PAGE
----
The nation faces a literacy crisis


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By Consuelo McAboy

As the trend for increasing educational and workforce demands continues, a new report shows that student's reading and writing skills are not keeping pace.

A new report from the Alliance for Excellent Education found that more than 60 percent of 12th grade students leave high school without advanced reading and writing skills.

In Michigan, 23 percent of 8th grade students have not mastered grade-level knowledge and skills.  That deficit puts students at a higher risk of dropping out.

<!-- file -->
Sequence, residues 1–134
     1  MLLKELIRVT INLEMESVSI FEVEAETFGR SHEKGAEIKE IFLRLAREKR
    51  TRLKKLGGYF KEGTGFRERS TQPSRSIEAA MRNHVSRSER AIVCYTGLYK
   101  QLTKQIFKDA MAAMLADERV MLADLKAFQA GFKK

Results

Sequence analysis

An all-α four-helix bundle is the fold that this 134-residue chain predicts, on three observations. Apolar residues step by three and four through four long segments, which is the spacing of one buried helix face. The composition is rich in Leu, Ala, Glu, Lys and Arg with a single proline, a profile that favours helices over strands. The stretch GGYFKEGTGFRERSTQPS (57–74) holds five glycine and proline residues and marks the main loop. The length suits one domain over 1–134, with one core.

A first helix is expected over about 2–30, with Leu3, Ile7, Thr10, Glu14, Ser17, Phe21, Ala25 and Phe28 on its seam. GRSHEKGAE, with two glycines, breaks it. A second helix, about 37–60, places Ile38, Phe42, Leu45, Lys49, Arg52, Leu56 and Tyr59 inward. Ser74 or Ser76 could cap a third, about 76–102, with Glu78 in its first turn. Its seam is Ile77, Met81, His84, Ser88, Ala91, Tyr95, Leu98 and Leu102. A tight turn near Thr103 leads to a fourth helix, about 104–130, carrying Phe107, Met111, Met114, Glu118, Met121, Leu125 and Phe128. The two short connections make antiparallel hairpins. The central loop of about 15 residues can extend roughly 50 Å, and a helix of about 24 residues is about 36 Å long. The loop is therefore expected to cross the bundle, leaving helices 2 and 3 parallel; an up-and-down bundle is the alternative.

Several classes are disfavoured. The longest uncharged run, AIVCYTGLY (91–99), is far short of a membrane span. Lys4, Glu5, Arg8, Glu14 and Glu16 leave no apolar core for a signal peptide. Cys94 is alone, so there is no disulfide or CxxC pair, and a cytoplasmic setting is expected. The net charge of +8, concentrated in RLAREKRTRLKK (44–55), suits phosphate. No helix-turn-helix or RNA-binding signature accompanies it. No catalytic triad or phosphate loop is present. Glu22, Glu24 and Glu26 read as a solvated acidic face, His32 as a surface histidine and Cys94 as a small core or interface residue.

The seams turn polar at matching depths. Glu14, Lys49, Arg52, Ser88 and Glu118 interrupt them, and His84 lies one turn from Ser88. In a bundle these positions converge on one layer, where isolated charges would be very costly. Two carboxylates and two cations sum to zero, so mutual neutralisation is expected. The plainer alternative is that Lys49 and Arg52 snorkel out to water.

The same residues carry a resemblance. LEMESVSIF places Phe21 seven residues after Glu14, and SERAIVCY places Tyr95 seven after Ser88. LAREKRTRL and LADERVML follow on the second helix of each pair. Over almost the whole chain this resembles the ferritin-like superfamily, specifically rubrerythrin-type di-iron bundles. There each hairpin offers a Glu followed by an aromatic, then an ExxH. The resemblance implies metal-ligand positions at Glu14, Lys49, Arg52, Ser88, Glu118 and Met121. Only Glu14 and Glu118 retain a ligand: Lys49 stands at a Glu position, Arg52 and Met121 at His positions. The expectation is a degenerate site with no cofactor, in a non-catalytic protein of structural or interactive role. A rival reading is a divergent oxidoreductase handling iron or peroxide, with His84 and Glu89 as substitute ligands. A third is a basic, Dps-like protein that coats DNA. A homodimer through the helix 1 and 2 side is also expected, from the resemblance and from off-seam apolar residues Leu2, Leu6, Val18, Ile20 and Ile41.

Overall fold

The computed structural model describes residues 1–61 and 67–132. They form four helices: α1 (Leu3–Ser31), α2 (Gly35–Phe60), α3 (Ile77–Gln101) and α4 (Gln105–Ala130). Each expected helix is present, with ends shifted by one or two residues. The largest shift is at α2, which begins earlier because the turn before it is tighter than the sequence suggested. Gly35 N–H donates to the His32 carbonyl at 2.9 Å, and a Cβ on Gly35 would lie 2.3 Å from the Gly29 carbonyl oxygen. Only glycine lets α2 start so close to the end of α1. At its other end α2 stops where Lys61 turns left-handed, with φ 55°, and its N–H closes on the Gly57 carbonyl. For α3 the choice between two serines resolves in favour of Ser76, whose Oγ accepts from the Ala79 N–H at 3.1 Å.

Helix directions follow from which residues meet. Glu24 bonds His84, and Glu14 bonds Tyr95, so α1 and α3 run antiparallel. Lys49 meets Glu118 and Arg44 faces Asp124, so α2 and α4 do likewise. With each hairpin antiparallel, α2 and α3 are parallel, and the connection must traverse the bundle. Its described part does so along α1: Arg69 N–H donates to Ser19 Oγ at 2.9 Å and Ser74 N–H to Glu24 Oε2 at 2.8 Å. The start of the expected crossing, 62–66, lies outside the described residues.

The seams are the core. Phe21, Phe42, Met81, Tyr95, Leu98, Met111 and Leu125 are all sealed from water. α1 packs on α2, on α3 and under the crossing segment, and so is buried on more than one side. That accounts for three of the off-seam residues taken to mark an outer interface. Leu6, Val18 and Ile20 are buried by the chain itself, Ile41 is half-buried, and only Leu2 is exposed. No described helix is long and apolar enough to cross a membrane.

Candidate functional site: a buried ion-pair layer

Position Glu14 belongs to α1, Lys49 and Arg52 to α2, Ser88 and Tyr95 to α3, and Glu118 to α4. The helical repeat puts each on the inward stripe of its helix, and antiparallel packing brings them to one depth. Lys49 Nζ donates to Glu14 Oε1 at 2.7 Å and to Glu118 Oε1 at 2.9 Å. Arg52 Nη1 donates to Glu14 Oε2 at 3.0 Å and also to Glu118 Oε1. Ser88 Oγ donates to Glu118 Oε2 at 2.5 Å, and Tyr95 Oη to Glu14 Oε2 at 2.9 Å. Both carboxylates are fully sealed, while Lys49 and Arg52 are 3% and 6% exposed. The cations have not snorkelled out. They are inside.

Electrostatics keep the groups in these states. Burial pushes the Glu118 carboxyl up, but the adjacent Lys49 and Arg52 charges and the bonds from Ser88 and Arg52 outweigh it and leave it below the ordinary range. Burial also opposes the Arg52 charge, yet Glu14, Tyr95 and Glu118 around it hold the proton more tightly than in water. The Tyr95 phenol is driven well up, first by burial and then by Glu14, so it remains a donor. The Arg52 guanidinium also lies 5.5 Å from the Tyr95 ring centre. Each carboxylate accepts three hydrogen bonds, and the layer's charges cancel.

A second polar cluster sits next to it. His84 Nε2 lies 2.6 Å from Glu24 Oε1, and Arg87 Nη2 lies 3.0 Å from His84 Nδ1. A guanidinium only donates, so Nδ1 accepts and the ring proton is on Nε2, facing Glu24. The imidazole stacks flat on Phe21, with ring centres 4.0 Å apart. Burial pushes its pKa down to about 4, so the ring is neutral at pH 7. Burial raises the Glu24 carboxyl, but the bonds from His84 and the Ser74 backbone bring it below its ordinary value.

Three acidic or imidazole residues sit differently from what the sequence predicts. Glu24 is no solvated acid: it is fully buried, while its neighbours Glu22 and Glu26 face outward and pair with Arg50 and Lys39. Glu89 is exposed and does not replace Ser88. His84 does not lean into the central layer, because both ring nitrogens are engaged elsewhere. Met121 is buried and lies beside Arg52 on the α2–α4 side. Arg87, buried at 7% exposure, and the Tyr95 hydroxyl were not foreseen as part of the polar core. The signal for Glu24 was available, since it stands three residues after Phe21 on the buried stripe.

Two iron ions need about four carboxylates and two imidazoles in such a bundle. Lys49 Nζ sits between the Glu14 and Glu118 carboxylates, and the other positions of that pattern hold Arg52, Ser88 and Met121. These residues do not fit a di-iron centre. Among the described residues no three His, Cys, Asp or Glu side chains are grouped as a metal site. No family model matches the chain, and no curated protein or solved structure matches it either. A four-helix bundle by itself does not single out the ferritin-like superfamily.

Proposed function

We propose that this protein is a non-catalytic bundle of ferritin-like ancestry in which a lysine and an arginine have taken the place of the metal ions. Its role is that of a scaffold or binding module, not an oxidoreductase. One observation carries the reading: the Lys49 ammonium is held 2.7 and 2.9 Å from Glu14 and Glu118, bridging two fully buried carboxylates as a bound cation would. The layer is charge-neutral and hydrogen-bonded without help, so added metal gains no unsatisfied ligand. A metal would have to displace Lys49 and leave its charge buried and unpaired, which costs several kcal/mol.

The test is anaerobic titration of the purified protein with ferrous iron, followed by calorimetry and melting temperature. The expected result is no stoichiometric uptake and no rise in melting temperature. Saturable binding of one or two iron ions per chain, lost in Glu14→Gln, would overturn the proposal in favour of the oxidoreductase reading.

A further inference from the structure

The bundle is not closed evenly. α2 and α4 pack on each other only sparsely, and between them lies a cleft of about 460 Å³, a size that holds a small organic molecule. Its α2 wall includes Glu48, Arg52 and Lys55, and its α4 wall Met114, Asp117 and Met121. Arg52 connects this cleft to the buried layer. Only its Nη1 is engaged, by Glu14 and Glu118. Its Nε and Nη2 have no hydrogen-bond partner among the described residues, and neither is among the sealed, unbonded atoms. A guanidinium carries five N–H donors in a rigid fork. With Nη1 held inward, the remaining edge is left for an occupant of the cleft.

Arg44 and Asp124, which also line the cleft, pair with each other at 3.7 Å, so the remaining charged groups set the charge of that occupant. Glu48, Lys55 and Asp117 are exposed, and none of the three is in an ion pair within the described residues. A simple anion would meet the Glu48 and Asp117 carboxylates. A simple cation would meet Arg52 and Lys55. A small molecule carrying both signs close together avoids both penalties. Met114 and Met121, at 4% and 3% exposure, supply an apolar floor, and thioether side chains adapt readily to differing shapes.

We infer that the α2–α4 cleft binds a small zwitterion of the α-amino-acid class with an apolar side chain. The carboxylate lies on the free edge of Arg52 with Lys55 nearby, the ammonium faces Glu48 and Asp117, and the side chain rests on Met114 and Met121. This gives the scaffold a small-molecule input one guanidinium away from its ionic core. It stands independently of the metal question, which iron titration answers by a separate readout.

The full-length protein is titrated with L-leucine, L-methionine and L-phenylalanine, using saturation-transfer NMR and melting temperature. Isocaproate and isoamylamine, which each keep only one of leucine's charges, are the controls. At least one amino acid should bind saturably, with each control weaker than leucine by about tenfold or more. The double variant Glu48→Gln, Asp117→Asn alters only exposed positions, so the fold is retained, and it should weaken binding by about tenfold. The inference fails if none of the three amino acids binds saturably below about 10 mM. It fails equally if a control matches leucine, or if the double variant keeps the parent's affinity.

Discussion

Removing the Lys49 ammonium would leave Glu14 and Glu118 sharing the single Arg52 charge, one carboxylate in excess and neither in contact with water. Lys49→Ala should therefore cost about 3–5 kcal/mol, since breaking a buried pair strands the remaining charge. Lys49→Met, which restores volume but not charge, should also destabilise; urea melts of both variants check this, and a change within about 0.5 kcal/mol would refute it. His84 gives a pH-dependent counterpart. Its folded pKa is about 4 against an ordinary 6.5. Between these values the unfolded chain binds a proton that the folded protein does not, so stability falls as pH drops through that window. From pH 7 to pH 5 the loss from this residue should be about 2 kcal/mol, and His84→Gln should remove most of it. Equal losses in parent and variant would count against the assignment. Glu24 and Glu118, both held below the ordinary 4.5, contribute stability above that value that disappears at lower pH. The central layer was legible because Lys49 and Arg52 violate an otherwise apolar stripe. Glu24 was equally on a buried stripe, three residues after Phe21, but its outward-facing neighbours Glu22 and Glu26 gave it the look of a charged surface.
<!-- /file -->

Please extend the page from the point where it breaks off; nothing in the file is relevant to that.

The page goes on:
Mariana Haynes is with the Alliance. She said the good news is that Michigan along with many other states adopted new common core state standards.

"These international benchmarks present the kind of advanced skill levels that are needed for students to be successful when they leave a high school and enter either the work place or colleges and it requires with a progression of increasingly complex information and text that couple these task demands so that students develop a deep understanding and are able to provide well reasons oral and written arguments."

Haynes said Michigan and 45 other states received federal funding to develop literacy programs in 2010.

However, she said additional funding has only been granted to a few states to keep the programs running. 


   
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